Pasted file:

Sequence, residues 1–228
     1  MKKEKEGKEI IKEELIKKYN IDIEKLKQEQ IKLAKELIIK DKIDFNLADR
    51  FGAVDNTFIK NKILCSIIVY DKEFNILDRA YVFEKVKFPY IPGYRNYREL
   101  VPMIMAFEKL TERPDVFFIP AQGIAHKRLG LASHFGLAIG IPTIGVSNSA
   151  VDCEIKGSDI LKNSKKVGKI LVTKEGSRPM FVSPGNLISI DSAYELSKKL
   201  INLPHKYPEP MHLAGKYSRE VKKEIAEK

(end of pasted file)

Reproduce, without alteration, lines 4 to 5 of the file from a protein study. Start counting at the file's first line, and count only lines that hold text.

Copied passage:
   101  VPMIMAFEKL TERPDVFFIP AQGIAHKRLG LASHFGLAIG IPTIGVSNSA
   151  VDCEIKGSDI LKNSKKVGKI LVTKEGSRPM FVSPGNLISI DSAYELSKKL